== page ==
- Nations should learn from Covid-19 and learn to be more prepared, officials say
- WHO’s director-general said the new Omicron variant is a reminder that while we may think we’re done with the virus, the virus isn’t done with us
The world must study the wreckage of Covid-19 and say “never again” by striking a pandemic preparedness treaty, the World Health Organization said on Monday, as countries gathered to build the foundations of a new accord.
World Health Organization Director-General Tedros Adhanom Ghebreyesus said another disastrous pandemic was bound to happen unless countries showed the resolve to strengthen global defences.
Nations are meeting in Geneva from Monday to Wednesday to discuss an international agreement setting out how to handle the next pandemic – which experts fear is only a matter of time.
The gathering comes as the planet is still besieged by Covid-19, nearly two years on from the first cases recorded in China, and now shaken by Omicron, the new Covid variant of concern.
WHO member states reached a consensus on Sunday to kick start the process towards a pandemic treaty.
The draft decision was secured after countries agreed to compromise, notably the United States, which is lukewarm on whether the outcome needs to be a legally-binding treaty.
The decision is expected to be formalised on Wednesday.
“The emergence of the highly-mutated Omicron variant underlines just how perilous and precarious our situation is,” Tedros told world leaders at the start of the three-day gathering.
“Omicron demonstrates just why the world needs a new accord on pandemics.”
“Omicron’s very emergence is another reminder that although many of us might think we’re done with Covid-19, it’s not done with us,” he said. “It will all happen again unless you, the nations of the world, can come together to say with one voice: never again.”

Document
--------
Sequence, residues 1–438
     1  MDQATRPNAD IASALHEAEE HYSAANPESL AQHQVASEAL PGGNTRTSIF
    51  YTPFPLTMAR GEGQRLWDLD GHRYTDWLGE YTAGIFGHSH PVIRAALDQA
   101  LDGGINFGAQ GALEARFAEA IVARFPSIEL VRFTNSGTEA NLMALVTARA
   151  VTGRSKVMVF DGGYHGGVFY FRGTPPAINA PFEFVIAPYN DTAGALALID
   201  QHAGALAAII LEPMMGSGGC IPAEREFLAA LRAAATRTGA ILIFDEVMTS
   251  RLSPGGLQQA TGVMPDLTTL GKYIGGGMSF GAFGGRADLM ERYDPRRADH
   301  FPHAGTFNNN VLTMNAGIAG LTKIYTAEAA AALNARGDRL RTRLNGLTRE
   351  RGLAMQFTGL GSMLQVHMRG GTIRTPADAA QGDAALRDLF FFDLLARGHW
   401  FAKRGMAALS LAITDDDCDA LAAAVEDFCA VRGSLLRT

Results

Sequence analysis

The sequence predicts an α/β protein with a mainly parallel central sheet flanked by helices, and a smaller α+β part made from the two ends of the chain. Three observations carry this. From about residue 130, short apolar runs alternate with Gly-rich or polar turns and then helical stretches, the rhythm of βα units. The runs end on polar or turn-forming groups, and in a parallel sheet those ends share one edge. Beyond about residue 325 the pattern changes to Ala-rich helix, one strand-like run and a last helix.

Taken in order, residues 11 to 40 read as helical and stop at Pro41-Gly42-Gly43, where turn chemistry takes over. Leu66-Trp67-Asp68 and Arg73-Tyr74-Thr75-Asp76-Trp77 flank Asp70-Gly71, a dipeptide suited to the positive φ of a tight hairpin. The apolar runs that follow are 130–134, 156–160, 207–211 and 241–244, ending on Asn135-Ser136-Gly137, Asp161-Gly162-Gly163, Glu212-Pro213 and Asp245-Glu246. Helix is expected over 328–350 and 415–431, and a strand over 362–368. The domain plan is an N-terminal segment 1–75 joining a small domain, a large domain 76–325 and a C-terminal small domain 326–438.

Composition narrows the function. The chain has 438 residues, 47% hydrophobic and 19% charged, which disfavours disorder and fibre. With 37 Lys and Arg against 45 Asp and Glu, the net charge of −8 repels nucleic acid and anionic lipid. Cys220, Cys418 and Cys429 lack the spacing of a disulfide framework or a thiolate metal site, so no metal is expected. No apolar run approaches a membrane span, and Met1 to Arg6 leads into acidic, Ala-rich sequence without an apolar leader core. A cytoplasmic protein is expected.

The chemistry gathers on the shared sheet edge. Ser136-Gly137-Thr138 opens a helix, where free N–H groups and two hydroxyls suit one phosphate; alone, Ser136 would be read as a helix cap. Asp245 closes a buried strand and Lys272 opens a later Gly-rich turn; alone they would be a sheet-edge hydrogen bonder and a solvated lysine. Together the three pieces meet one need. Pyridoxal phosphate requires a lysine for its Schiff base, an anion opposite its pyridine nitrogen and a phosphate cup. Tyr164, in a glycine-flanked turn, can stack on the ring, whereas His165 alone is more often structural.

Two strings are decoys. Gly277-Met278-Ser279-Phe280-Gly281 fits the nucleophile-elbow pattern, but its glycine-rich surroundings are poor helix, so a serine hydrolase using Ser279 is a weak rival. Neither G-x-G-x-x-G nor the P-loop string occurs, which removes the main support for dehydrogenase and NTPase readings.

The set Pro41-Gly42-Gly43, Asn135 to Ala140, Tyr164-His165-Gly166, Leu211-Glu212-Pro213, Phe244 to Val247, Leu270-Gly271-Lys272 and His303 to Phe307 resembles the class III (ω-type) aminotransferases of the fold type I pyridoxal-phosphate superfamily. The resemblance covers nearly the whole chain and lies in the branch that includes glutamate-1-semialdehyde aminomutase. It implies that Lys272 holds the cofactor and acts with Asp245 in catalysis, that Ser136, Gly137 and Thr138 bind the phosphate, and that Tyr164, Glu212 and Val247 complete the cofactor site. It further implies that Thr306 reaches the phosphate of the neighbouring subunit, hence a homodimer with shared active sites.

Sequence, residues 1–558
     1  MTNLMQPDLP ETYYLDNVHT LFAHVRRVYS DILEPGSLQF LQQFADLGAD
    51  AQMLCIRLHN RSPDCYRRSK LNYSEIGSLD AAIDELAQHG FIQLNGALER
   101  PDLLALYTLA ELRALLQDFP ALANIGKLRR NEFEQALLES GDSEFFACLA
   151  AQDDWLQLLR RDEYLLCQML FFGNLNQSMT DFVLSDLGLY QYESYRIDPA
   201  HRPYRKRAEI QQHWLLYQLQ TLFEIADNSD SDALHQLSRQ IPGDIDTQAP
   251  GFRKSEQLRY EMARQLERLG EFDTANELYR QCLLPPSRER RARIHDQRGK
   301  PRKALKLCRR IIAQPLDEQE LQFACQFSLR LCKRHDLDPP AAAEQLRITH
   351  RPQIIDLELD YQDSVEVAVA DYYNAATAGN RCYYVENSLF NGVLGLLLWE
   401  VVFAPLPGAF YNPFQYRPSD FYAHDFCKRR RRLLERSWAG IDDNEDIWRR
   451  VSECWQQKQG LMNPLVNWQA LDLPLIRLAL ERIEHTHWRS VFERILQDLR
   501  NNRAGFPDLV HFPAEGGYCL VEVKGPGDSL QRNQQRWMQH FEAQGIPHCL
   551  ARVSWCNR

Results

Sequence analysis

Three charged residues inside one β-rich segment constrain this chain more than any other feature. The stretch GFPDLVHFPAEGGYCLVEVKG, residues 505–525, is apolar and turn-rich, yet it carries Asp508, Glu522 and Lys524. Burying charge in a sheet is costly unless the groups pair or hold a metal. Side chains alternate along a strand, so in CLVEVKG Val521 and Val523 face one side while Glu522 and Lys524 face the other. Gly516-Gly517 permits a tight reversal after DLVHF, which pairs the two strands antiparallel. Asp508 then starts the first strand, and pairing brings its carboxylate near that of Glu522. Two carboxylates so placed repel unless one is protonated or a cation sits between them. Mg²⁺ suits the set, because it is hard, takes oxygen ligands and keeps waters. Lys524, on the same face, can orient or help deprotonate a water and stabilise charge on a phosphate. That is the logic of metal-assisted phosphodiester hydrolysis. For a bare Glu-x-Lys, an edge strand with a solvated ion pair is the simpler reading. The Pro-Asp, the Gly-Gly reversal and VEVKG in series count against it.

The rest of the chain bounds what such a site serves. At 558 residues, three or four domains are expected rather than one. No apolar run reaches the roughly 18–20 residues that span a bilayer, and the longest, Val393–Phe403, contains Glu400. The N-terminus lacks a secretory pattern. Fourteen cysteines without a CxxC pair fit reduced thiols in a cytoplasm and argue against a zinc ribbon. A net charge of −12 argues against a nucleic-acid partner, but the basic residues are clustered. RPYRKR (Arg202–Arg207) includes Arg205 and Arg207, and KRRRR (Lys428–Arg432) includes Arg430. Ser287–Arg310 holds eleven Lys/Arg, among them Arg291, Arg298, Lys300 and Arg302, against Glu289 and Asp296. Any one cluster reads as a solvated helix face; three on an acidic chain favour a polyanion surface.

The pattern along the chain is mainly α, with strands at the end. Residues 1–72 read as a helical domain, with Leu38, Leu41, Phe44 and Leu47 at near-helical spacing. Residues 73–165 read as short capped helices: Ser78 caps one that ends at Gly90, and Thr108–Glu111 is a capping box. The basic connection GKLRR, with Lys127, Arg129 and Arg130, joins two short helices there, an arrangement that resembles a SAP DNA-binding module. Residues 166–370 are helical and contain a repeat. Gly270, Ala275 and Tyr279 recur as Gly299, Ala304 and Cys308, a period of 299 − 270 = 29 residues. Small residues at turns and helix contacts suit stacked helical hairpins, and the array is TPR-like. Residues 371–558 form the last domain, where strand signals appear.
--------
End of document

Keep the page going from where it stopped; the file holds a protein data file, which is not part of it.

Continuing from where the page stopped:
This meeting of the World Health Assembly, the WHO’s decision-making body comprising of all 194 member states, is an unprecedented special session on how to handle the next pandemic.
It should thrash out how far countries are prepared to go towards legally-binding commitments on issues like equitable vaccine distribution, knowledge-sharing, financing and oversight structures, with any final deal due to come into force in 2024.
A key issue down the line could be whether countries want beefed-up powers for the WHO to investigate the sources of outbreaks. Tedros said the lack of data-sharing early in the Covid pandemic had been a hindrance.
“One of the expectations of this treaty is to be able to improve the WHO’s capacity to monitor and assess the situation in countries: the investigative power of WHO,” a French diplomatic source said.
Chilean President Sebastian Pinera said the world was unprepared for Covid-19 and “for that weakness, we all paid a great price.”
“Steps must be taken to ensure that this will not happen again, that when the next pandemic comes, and it will come, it will find us better prepared,” he said.